‘Cameras began duplicating the world at that moment when the human landscape started to undergo a vertiginous rate of change: while an untold number of forms of biological and social life are being destroyed in a brief span of time, a device is available to record what is disappearing’.
As others have noted, photography is not simply a mode of recording and documenting, but is also a vehicle of expression, art, and even activism. Photography has played a vital role in visualising environmental justice struggles. Photographer Sam Kittner, for example, photographed the Great Louisiana Toxic March in 1988 . He was mentored by photographer Declan Haun, who made important photographs of Civil Rights protests in the 1960s. Twenty years later, Kittner bore witness to the dawning of the environmental justice movement, photographing the toxic landscapes of ‘Cancer Alley’. His coverage of this period both capture the spectacular violence of pollution, as well as the quiet dignity of front-line activists, echoing the civil rights aesthetic of a generation earlier. Sadly, Kittmer’s photographs remain just as relevant today: thirty years after the Great Louisiana Toxics March, many of the same communities are still fighting environmental racism.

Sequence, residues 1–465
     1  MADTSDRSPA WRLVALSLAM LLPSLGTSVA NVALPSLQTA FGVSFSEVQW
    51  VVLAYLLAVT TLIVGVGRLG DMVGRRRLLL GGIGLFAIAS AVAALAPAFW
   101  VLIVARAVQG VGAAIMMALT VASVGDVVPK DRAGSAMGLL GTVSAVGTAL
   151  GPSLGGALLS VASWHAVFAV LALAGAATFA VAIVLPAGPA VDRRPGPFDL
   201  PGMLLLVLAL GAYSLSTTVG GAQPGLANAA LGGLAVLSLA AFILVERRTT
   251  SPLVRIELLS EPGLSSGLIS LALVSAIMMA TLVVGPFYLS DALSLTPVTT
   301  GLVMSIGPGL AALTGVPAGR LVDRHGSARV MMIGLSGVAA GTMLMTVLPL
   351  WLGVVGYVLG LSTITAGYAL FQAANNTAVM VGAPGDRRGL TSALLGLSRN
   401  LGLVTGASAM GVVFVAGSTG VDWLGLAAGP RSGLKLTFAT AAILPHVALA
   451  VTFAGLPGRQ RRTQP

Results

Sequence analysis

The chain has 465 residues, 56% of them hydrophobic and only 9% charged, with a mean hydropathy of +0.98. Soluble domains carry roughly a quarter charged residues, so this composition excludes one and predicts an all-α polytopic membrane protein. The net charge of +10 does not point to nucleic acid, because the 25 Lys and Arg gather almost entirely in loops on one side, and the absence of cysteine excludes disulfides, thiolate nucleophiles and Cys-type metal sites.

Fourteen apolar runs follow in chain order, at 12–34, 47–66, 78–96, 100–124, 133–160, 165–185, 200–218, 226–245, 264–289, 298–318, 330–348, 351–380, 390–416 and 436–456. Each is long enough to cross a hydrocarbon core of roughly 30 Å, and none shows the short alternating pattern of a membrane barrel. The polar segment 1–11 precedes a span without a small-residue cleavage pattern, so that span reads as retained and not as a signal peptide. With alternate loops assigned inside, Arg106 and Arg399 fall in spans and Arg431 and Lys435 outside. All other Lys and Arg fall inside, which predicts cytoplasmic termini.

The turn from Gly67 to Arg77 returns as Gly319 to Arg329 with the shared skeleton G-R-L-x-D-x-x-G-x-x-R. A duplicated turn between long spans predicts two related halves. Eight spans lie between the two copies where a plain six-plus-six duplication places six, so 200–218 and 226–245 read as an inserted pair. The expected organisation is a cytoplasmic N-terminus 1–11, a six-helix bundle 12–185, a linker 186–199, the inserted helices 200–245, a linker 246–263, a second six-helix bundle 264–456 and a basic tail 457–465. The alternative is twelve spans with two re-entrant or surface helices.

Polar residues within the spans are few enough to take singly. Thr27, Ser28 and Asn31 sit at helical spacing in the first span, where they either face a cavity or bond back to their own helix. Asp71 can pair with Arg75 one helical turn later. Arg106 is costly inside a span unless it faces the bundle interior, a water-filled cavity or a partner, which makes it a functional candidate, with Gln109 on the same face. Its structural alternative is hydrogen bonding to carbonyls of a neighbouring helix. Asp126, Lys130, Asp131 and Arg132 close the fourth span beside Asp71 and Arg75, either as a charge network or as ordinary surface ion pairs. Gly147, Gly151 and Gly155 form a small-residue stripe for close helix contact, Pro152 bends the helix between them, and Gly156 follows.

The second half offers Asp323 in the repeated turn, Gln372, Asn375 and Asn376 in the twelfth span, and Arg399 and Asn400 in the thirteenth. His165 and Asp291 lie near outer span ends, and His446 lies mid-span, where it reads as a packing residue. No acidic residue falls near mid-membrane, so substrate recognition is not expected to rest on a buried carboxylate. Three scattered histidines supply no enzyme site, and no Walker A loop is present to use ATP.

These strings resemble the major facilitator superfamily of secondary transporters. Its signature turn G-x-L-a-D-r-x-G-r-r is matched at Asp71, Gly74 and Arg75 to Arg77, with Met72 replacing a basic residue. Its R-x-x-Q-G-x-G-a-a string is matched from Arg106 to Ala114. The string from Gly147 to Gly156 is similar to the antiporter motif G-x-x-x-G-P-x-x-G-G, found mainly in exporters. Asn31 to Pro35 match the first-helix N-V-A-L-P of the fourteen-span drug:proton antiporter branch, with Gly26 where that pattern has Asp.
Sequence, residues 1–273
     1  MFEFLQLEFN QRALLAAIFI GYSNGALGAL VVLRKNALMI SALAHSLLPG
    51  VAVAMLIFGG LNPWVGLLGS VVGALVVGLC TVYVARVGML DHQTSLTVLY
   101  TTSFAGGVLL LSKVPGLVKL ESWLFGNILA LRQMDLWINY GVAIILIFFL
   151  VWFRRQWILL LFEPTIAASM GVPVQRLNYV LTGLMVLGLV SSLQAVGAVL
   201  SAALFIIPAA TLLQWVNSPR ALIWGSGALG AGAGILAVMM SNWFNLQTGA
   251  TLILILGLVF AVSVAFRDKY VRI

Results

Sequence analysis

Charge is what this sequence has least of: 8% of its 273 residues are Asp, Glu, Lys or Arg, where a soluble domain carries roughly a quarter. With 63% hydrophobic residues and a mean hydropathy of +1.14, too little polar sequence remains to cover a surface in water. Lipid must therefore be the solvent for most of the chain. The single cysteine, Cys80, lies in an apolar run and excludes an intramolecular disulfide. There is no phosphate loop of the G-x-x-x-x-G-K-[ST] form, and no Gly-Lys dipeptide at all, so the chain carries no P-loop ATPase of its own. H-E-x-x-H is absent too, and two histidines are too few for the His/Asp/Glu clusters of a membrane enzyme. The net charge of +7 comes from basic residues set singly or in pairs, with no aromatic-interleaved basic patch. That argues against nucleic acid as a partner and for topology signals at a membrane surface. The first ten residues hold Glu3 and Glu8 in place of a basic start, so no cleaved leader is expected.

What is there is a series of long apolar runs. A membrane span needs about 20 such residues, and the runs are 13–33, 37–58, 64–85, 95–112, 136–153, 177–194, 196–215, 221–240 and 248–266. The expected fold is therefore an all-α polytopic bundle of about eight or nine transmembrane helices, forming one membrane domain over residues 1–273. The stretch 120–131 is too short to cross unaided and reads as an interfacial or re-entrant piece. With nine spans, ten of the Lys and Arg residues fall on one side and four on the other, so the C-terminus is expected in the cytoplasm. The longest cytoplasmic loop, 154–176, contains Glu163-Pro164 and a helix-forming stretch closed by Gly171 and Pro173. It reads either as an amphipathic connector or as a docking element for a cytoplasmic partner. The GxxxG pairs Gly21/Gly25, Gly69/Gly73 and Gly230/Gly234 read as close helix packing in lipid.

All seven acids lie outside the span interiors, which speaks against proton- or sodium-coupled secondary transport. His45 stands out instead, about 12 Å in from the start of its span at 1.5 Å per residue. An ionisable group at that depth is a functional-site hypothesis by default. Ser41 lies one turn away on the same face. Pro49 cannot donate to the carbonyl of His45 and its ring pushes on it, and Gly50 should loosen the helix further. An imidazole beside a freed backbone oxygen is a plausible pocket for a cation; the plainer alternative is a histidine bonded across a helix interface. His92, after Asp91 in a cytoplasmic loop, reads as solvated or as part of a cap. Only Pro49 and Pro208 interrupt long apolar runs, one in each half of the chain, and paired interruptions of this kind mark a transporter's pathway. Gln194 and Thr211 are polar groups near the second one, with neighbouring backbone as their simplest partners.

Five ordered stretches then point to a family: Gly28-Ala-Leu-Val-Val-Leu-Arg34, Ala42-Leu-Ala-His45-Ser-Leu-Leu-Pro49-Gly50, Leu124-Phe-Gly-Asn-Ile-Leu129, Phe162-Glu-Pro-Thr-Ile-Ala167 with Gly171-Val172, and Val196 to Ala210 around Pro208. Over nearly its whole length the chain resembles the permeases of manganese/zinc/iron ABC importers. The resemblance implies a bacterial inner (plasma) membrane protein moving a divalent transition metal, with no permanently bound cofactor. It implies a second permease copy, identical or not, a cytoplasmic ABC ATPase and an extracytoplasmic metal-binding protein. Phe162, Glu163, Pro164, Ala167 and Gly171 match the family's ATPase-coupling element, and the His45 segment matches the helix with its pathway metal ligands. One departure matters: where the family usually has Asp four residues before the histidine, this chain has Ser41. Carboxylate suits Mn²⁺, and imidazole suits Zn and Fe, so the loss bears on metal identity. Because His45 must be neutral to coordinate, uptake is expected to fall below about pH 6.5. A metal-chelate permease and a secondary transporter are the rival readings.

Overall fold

As environmental writer Rob Nixon warned, many forms of pollution are ‘resistant to dramatic packaging’. Photographers and artists have taken up this challenge, of finding innovative ways to narrate, translate, and make-visible the peculiar terror of pollution. For example, we are increasingly aware that plastic is a substance that the earth cannot digest. Several recent photography projects have dealt with the issue of plastic pollution in visually striking ways. Photographer Chris Jordan, for instance, takes up the theme of indigestion in his work ‘Midway: Message from the Gyre’. In a series of remarkable images, he documents birds on Midway Island in the Pacific who have died through consuming plastic waste. As he explains on his website: ‘The nesting chicks are fed lethal quantities of plastic by their parents, who mistake the floating trash for food as they forage over the vast polluted Pacific Ocean.’ His forensic-like images hold a macabre mirror to society, with each plastic-stuffed Albatross becoming a forewarning of our planet’s potential fate.